that allows the political system to engage in parallel processing” (p. 100). For the
exceptions, when the political system does fully embrace an issue, it does so in serial
processing—one at a time. From a systems feedback standpoint, the automatic parallel
processing operates on negative feedback, and the system is reset to a new equilibrium
point as the result of positive (goal-changing) feedback. Imbedded in the theory is the
notion that “the twin foundations of conservative and overlapping political institutions
and boundedly rational decisionmaking . . . combine to create a system that is both
inherently conservative and liable to occasional radical change” (p. 104). The inherent
weakness of this system is also its strength. While its description of issue evolution is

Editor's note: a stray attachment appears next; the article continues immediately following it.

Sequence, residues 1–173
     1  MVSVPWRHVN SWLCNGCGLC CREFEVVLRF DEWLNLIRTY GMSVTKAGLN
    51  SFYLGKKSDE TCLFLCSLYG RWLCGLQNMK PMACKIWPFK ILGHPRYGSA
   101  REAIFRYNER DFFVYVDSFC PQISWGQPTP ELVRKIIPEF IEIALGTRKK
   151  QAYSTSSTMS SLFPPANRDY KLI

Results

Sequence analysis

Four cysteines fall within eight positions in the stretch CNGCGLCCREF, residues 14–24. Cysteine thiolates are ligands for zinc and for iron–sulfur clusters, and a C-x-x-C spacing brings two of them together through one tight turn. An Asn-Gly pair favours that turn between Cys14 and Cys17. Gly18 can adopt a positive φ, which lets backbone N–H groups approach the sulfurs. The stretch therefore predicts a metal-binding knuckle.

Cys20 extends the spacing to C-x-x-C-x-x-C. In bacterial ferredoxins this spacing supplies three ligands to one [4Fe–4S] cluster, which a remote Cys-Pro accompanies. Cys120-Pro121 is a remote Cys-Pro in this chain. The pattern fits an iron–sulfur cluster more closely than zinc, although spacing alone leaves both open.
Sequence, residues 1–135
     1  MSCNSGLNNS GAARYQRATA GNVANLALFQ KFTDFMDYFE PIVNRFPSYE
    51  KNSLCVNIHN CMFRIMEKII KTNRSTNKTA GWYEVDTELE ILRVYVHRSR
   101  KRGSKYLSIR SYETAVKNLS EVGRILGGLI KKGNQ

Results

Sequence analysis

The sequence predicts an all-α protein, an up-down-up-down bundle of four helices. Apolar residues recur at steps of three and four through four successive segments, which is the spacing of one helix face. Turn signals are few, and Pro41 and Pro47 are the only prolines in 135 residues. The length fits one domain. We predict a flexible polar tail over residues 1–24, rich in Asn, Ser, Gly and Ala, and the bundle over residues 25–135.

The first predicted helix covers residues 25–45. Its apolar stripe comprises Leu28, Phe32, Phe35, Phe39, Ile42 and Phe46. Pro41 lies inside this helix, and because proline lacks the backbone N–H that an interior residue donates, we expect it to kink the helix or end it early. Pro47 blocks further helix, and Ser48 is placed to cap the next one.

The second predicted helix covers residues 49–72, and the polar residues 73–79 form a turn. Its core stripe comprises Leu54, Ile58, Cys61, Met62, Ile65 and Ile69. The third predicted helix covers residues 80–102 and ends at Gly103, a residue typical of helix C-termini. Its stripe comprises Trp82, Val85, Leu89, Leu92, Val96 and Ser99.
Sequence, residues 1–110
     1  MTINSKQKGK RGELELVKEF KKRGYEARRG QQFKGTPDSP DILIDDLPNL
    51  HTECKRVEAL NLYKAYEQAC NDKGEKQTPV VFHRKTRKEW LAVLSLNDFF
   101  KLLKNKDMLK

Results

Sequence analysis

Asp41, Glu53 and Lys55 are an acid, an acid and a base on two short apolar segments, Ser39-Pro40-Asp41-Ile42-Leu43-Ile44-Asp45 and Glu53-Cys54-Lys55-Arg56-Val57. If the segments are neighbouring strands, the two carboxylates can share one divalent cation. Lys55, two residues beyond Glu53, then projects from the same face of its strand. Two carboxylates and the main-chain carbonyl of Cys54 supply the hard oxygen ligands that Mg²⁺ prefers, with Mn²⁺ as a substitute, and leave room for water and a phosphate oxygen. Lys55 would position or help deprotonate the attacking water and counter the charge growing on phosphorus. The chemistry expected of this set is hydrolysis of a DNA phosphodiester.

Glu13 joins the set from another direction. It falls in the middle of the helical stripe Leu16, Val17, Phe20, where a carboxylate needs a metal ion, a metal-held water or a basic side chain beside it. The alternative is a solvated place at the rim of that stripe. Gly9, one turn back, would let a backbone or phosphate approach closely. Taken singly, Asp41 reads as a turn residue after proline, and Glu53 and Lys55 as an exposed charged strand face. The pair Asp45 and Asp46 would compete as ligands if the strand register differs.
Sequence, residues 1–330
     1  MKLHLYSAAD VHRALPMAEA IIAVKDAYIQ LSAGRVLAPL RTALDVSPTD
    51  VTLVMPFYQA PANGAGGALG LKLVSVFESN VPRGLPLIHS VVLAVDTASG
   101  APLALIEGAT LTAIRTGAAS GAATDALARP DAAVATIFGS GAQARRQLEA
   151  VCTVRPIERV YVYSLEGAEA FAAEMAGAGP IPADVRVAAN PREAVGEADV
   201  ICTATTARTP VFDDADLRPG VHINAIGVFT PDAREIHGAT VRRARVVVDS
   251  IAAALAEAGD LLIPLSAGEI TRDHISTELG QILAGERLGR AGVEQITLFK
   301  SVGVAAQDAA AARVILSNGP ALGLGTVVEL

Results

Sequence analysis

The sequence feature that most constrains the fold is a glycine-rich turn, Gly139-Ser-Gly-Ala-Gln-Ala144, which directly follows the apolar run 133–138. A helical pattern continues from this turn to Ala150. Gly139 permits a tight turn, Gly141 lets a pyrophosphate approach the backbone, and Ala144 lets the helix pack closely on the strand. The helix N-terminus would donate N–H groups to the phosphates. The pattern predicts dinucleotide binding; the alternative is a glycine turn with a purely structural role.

consistent with observations of how issues actually change, the very non-linearity or
singularity of the changes when they do happen make prediction of both timing and
outcomes of the new stasis particularly unpredictable.

Comments

In discussing the need for better theories in the first chapter, with only one
dismissive reference to constructiveness theories, Sabatier argues for a strictly scientific
approach. In so doing he is tacitly arguing that only one world view is right. Heppner,
Kivlighan, and Wampold (1999) assert that “Worldviews are the philosophical
foundations that guide understanding of the world and how inquiries are made to further
that understanding” (p. 236). They posit four worldviews:
1. Positivism employs the scientific method and holds that the nature of the universe
can be known and the scientist’s goal is to discover the natural laws that govern
the universe.
2. Postpositivism also employs the scientific method, but recognizes truth cannot be
fully known; we must therefore make probabilistic statements rather than absolute
statements about truth. Methods include peer review and scientific community
arbitration.